Although excessive heat and high irradiance are the main inductive factors in sunburn development, indirect factors such as relative humidity, air movement, and various cultural practices such as tree size, canopy structure, pruning, and irrigation may affect the incidence and severity of sunburn (Racskó and Schrader, 2012). Water stress has been reported to exacerbate the development of sunburn (Barber and Sharpe, 1971; Gonda et al., 2006), whereas regular irrigation purportedly decreases the incidence of sunburn, supposedly by facilitating sufficient evaporative cooling in the tree (Van de Ende, 1999). However, little research has been conducted to relate plant water status to sunburn incidence and severity; the link between plant water status and sunburn seems to be based primarily on observations. In a New Zealand study using five three-year-old ‘Braeburn’ trees per treatment, no irrigation did not significantly increase sunburn compared with the control treatment (Wünsche et al., 2001).

Considering the lack of experimental data, we set out to obtain empirical evidence that water stress increases the incidence and severity of sunburn. Hence, the objective of this study was to investigate the effect of water stress on plant water relations and how this affects sunburn development in apples.

Materials and Methods

Plant material.

The experiment was conducted during the 2009–10 season at Welgevallen Experimental Farm, Stellenbosch, South Africa (lat. 33°55′ S, long. 18°53′ E) using ‘Cripps’ Pink’ apple planted in 1998 on M793 rootstock. The tree spacing was 4 m × 1.5 m in a northeast by southwest row orientation. The orchard soil was classified as Oakleaf form, a cambisol with a high clay percentage and a high water-holding capacity. The Western Cape province of South Africa where the experiment was conducted has a Mediterranean-type climate with hot, dry summers that necessitates irrigation.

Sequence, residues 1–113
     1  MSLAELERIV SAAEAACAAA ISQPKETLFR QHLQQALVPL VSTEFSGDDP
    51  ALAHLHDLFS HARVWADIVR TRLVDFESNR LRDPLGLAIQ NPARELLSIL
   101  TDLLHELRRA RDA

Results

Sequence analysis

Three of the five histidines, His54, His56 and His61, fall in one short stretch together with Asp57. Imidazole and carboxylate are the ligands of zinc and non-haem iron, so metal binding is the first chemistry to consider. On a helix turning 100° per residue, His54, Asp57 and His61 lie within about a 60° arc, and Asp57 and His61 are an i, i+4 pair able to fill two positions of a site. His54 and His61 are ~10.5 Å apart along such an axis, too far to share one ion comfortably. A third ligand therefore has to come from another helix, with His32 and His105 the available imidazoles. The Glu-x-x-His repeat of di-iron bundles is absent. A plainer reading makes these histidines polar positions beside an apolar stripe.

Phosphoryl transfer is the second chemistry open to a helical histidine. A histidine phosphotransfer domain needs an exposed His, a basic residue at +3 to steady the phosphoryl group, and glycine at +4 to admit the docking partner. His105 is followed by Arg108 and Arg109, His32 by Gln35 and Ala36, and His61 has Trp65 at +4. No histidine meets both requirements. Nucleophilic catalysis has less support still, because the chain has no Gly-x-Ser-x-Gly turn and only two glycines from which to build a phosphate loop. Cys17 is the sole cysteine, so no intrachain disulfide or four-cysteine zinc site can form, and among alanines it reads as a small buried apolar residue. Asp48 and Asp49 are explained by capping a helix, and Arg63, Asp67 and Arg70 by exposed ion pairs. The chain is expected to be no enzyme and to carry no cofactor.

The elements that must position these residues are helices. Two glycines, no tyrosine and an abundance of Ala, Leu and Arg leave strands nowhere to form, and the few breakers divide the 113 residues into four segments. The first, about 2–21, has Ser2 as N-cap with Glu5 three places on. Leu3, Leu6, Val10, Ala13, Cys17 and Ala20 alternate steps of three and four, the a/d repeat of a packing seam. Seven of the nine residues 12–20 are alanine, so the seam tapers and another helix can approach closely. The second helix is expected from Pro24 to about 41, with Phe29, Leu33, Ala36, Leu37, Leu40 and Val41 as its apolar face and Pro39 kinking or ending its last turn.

Treatments and experimental design.

Irrigation was manipulated to attain three treatments, i.e., full irrigation, hereinafter called control treatment, half the irrigation amount, hereinafter called half irrigation, and no water for 15 d, hereinafter called no irrigation, starting on 14 Mar. 2010. The normal irrigation at Welgevallen at the onset of the experiment was 6 mm·h−1 delivery for 2.5 h twice weekly emitted by microjet sprayers placed 0.5 m on either side of trees. The half irrigation and no irrigation treatments were attained by exchanging normal spray nozzles (6 mm·h−1) with nozzles that gave half the normal delivery (3 mm·h−1) and stoppers (0 mm·h−1), respectively. Treatments were randomized in eight blocks with three trees per plot and two buffer trees between plots to avoid treatment interference. The blocks were laid out on flat, non-sloping land to avoid the effect of runoff.